5 Ways Building Trust Can Help Create A Win-Win For Both Employers And Employees

Nowadays, there is a lot of talk about trust in the workplace: why it’s decreasing, how crucial it is, and how to foster it among your teams. And that makes sense. For many years, a leader’s capacity to build trust has been a major factor in determining whether they succeed or fail.

The adage, which is frequently cited and is unattributed, “Trust takes years to build, seconds to break, and forever to repair,” still holds true today because of this. Everyone on your team needs to trust one another if you want your business to prosper. When done correctly, these interactions foster compassion, empathy, and authenticity and strengthen employee engagement, retention, and company outcomes.

What is Trust in the Workplace?

Ways Building Trust Can Help

The perception that supervisors are “on their side,” will treat them fairly and with respect, and will accept the odd setback as a necessary component of professional progress is known as trust in the workplace.

The ability of a leader to inspire and encourage staff members is impacted by both sides of the trust issue. People have faith in your judgment when they trust you. They will be impacted by your leadership even in the face of uncertainty. That’s because they count on you to follow through on your commitments.

A crucial component of creating trust in the workplace and, eventually, the success of a company is being consistent in both your words and deeds. Employees frequently tell us that their impression of an organization is mostly shaped by the words and actions of its leaders. 

Listen More Than You Speak 

Ways Building Trust Can Help

Each of your employees is a distinct individual with their own opinions and ideas. When kids ask to express their opinions, listen to them with genuine interest. Positive working relationships based on trust and understanding are formed on this basis.

Find out how your team’s quality of life can be enhanced by listening to each other.

It’s a good idea to participate in active listening training to enhance your listening abilities. This is putting a conscious effort to probe your staff members and urge them to go into further detail so you can fully grasp what they’re attempting to say. Every day, there are chances to listen.

Express Gratitude Each And Every Day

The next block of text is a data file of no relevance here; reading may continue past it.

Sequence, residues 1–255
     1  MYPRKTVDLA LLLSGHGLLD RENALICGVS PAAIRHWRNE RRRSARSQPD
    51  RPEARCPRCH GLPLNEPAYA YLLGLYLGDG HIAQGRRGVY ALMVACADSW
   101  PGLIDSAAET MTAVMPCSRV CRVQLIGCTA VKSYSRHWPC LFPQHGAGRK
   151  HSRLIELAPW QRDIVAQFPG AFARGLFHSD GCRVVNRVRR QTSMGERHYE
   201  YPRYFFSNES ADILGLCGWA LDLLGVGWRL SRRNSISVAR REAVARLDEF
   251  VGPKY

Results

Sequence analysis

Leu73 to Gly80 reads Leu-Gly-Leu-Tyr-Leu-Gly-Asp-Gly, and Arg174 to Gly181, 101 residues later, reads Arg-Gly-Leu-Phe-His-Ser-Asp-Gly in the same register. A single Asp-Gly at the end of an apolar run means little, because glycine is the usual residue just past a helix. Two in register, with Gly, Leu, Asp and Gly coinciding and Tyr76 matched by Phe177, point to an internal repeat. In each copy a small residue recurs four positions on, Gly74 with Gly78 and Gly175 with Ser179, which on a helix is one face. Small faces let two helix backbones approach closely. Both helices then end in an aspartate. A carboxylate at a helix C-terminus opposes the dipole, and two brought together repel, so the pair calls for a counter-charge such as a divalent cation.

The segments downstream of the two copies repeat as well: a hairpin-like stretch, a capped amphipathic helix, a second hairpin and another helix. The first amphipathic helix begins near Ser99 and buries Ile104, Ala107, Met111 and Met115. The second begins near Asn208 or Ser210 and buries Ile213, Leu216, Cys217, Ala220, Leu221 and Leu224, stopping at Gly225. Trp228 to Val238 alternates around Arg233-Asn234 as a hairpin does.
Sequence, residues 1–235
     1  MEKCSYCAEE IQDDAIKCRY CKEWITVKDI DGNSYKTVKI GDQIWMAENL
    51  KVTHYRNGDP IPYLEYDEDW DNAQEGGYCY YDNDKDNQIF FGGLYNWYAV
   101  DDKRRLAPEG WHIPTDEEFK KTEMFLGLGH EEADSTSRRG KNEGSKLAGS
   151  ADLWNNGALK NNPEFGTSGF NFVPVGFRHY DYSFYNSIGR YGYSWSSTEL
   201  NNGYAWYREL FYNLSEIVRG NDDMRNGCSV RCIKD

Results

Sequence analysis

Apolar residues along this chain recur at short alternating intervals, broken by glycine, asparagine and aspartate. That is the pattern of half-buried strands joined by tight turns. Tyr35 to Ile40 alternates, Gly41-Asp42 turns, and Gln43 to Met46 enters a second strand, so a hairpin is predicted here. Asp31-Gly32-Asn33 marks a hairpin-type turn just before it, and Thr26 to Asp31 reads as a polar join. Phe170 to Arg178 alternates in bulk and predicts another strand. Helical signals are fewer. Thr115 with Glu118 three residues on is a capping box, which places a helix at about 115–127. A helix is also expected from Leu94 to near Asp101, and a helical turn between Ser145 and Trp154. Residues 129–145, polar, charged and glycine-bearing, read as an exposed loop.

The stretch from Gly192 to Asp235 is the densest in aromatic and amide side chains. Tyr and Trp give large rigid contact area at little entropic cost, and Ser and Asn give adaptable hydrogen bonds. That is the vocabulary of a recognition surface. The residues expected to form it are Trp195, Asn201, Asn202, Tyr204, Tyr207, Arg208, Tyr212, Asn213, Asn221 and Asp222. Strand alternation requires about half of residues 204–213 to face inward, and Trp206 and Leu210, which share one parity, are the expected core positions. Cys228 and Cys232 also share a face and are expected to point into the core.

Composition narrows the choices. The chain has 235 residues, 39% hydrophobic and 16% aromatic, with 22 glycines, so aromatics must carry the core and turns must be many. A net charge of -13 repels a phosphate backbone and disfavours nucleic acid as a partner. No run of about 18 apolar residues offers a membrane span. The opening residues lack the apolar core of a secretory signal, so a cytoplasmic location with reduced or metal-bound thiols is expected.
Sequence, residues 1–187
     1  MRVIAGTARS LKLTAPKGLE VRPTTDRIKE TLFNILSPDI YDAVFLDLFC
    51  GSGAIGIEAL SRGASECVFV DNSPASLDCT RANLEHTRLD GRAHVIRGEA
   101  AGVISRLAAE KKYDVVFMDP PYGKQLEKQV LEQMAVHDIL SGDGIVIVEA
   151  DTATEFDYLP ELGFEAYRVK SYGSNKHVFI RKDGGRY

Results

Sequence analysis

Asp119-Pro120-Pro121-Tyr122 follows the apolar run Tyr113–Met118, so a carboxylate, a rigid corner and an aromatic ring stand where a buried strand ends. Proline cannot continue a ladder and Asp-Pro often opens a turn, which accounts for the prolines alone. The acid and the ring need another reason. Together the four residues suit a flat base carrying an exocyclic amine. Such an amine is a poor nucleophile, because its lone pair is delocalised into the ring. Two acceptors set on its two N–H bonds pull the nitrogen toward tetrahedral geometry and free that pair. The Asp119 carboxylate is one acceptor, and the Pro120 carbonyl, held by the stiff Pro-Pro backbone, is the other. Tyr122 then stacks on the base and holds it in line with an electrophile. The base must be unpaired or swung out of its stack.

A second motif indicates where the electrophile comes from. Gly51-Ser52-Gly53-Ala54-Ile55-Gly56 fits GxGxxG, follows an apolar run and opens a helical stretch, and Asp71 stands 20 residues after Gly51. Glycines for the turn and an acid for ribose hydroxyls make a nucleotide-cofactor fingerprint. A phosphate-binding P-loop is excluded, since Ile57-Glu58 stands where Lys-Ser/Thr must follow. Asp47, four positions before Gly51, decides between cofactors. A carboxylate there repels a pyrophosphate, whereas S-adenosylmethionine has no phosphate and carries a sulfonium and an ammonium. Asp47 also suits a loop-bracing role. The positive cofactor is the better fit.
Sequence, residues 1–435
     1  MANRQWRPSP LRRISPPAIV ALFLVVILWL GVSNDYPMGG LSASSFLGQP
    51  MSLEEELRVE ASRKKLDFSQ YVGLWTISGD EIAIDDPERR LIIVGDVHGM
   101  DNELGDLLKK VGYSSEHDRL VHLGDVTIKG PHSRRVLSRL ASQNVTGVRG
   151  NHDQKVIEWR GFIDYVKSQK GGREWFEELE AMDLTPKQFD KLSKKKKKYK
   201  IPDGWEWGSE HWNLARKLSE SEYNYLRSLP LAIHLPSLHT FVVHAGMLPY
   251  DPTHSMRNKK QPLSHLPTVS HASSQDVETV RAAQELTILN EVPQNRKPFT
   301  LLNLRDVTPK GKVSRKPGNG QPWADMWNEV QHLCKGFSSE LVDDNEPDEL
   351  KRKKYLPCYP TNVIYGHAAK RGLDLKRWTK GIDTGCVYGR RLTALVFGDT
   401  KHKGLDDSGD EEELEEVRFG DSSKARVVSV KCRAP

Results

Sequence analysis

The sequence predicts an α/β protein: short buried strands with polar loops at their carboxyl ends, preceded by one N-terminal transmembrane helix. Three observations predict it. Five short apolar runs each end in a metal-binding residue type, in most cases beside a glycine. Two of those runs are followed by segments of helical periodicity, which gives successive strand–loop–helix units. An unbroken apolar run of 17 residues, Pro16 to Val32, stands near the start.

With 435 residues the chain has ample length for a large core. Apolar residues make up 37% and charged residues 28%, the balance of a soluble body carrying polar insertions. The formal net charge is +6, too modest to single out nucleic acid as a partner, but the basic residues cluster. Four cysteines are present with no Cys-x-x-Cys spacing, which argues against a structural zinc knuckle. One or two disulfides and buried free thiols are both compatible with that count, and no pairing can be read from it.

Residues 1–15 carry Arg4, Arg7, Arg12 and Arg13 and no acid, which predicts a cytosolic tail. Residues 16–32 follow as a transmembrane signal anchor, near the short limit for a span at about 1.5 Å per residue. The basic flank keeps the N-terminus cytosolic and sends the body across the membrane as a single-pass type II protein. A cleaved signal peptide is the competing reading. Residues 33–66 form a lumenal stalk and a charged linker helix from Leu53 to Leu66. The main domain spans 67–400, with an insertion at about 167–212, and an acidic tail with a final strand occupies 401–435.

Ways Building Trust Can Help

Sure, your workers receive compensation for their labor, but this is insufficient to show them that you respect and believe in them. It’s critical to acknowledge them often and instantly. You can express gratitude by expressing it in writing, praising someone aloud, and giving out material prizes like employee awards and bonuses.

Rewarding your staff on a daily basis fosters a sense of belonging and emotional stability, which increases the likelihood that they will trust you. Ninety percent of workers who express gratitude or acknowledgement from their supervisor report having a great deal of faith in that person.

Recall that rewarding employees in public is just as significant as rewarding them personally, if not more so. Your staff’s achievements can be featured in a hall of fame, on a company-wide newsfeed, or at team meetings. Tell others in your company about the fantastic work that your employees are doing; ideally, this may be done with a recognition platform that makes it easy to identify colleagues across all channels and from any location.

Put Your Team’s Needs First To Empower Them

Ways Building Trust Can Help

Your staff is more likely to trust you in return if you show them that you trust them by taking the initiative. How then may you express your confidence in your employees? Encourage their professional growth and independence to give them more influence. Put additional duties on their backs. Ask them to observe meetings that they would not normally attend. 

Allow a sales representative to observe a strategy meeting, for example, so they may offer their practical thoughts to inform future sales and marketing strategies. You’ll gain from their distinct viewpoint and they’ll remember your confidence in them.